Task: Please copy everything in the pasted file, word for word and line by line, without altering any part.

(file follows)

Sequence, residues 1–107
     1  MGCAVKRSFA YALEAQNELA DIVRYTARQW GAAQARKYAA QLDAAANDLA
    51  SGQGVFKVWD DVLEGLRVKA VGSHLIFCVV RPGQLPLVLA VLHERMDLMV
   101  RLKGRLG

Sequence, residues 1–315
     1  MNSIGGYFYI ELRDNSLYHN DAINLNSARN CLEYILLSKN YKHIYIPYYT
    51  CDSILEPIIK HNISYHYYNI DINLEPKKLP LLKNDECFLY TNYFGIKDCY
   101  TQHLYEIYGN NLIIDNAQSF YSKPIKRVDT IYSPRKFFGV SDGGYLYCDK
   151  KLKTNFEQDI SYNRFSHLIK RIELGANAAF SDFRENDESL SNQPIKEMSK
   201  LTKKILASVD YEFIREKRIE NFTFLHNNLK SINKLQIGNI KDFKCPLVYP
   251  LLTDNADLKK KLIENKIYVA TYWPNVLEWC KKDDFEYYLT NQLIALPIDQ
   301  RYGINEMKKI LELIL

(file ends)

Sequence, residues 1–107
     1  MGCAVKRSFA YALEAQNELA DIVRYTARQW GAAQARKYAA QLDAAANDLA
    51  SGQGVFKVWD DVLEGLRVKA VGSHLIFCVV RPGQLPLVLA VLHERMDLMV
   101  RLKGRLG

Sequence, residues 1–315
     1  MNSIGGYFYI ELRDNSLYHN DAINLNSARN CLEYILLSKN YKHIYIPYYT
    51  CDSILEPIIK HNISYHYYNI DINLEPKKLP LLKNDECFLY TNYFGIKDCY
   101  TQHLYEIYGN NLIIDNAQSF YSKPIKRVDT IYSPRKFFGV SDGGYLYCDK
   151  KLKTNFEQDI SYNRFSHLIK RIELGANAAF SDFRENDESL SNQPIKEMSK
   201  LTKKILASVD YEFIREKRIE NFTFLHNNLK SINKLQIGNI KDFKCPLVYP
   251  LLTDNADLKK KLIENKIYVA TYWPNVLEWC KKDDFEYYLT NQLIALPIDQ
   301  RYGINEMKKI LELIL